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You just tell them what kind of child you are looking for and they can bring across whatever it is that you want. There is a thriving trade in Haitian children in the Dominican Republic , where they are mostly used for domestic service, agricultural work or prostitution. Eight-year-old Jesus Josef was one of them. Numbed by a mixture of trauma and shyness, this small boy with huge eyes cannot recall how he left his three brothers and mother in Haiti and ended up doing domestic work for a Dominican family in Barahona, miles from the capital, Santo Domingo.
Jesus sits quietly as Father Pedro Ruquoy, who runs a refuge near Barahona, tells how he escaped from the family and ran away to a local hospice. When he arrived his neck was twisted from carrying heavy loads on his shoulder and the marks on his slender torso suggested ill-treatment. The Dominican family found out where he was and came to the hospice demanding either his return or 10, pesos for the loss.
Nobody knows quite how many Haitian children like Jesus there are in the Dominican Republic. A Unicef report in put the figure at around 2,, although some NGOs think it might be twice that. Most boys under the age of 12 end up begging or shoe shining and giving their proceeds to gang leaders; most girls of that age are used as domestic servants.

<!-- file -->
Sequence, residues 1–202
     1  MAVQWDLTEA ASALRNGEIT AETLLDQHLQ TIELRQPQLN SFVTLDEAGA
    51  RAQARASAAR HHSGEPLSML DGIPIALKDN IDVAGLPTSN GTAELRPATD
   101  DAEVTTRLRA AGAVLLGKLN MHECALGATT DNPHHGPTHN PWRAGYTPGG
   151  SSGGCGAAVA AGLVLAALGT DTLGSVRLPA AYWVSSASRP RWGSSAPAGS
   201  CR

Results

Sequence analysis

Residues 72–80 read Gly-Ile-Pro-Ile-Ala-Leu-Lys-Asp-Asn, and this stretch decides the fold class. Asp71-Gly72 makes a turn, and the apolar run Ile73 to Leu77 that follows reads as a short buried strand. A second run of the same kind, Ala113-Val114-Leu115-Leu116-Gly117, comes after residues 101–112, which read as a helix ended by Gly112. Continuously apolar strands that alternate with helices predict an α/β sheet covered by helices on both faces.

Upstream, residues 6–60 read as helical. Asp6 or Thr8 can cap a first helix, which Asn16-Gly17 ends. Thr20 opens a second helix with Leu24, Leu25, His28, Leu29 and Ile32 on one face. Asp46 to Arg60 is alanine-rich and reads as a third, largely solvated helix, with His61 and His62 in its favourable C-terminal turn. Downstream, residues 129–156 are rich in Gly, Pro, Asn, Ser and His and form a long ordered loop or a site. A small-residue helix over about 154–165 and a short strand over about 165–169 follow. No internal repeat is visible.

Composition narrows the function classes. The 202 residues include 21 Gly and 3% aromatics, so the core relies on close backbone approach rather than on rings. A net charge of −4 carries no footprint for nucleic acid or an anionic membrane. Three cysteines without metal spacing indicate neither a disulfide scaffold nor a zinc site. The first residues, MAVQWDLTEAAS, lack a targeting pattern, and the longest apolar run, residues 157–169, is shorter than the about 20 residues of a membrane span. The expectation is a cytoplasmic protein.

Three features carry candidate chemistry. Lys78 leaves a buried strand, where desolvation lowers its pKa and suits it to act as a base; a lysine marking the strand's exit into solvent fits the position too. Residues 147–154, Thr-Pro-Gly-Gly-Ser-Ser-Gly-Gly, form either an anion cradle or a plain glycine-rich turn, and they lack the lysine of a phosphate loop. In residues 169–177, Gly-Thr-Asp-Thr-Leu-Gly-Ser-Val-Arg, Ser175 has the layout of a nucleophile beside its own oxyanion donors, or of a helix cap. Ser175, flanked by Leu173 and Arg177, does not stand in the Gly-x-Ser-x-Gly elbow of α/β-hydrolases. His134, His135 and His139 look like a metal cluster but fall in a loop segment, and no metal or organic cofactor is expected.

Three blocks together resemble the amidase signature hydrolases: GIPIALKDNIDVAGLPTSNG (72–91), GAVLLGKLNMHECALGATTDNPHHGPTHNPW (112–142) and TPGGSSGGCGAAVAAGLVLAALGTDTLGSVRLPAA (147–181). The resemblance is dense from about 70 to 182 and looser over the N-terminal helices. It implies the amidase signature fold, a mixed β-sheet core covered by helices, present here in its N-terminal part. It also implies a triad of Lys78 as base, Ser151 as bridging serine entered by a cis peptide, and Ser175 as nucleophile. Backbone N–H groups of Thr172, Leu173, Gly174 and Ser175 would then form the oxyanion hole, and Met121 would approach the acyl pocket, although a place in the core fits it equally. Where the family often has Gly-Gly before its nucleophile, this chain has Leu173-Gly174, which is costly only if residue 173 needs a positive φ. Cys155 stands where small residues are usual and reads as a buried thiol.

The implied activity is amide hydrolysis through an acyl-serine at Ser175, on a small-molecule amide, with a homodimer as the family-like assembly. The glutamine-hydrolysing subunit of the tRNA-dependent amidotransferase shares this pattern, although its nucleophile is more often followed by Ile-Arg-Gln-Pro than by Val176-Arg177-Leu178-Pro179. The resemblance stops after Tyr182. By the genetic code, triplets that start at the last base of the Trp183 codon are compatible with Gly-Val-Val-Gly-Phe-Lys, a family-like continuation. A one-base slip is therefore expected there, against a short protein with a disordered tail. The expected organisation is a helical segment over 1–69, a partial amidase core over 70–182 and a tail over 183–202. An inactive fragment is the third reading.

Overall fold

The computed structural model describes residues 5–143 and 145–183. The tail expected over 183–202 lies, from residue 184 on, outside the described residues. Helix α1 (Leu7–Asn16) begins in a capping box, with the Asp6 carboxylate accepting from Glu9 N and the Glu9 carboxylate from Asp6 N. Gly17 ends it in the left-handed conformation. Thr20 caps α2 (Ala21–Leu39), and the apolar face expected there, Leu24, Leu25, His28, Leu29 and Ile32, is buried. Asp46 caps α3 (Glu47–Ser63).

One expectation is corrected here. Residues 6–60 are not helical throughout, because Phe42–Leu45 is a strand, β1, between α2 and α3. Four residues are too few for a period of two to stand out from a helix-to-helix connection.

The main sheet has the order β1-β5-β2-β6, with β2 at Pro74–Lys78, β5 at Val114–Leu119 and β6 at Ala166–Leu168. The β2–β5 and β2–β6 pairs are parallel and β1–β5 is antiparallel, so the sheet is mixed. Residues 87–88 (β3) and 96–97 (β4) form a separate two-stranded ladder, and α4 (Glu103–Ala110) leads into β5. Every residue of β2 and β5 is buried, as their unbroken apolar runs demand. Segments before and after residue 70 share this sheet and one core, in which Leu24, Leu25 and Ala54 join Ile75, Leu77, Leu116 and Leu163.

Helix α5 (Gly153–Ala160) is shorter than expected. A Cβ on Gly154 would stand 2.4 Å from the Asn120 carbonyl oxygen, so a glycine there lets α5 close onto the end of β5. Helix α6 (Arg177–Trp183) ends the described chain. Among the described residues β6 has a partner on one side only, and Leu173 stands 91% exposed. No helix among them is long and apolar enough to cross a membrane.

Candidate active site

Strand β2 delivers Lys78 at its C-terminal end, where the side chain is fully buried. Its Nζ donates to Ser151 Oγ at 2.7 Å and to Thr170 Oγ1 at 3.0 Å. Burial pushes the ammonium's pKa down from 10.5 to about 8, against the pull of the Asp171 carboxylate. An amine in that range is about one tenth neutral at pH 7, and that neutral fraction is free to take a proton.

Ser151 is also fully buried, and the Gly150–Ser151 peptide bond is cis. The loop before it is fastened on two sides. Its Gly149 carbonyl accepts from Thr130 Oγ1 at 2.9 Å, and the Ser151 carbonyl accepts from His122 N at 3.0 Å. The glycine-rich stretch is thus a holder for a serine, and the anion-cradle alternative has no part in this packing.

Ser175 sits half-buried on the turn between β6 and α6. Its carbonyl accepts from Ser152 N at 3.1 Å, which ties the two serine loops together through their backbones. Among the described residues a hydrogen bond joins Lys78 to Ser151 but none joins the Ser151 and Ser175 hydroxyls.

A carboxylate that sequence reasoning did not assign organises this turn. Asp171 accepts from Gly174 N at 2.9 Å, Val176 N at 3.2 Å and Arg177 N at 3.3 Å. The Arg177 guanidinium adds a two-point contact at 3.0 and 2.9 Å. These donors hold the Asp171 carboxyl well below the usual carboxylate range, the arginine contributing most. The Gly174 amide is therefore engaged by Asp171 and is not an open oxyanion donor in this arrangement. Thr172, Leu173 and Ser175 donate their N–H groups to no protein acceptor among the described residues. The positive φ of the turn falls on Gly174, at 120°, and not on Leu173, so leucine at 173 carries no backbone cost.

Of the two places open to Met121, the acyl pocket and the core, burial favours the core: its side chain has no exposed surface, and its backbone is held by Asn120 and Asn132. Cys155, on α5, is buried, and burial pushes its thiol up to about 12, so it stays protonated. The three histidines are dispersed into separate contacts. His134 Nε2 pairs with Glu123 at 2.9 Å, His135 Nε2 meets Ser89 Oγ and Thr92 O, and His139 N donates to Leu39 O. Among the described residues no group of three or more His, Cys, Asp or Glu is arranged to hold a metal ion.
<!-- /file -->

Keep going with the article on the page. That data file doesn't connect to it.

Older boys are taken to work in construction or agriculture; teenage girls often end up in prostitution. Tensions have long existed between the two countries that share the island of Hispaniola. In May, and then again last month, the Dominican Republic summarily deported thousands of Haitians, many of whom had the right to stay. A former Haitian consul to the republic, Edwin Paraison, says the situation had not been this bad since the former Dominican military leader Rafael Trujillo massacred 20, Haitian sugar cane workers in But even as Haitians are reviled, they are also needed for their cheap labour.
The manner in which the children arrive varies. Some are kidnapped but most often their parents not only know, but actually pay "busones" or scouts to ensure their safe passage in the hope that they will have a better life. If the rains fail or someone falls ill, they have to sell what little they have - perhaps a pig or a goat - to buy medicines. Eventually they have to sell their land. Once they reach rock bottom, the one way they can provide for their children is by sending them to live in the cities or in the Dominican Republic.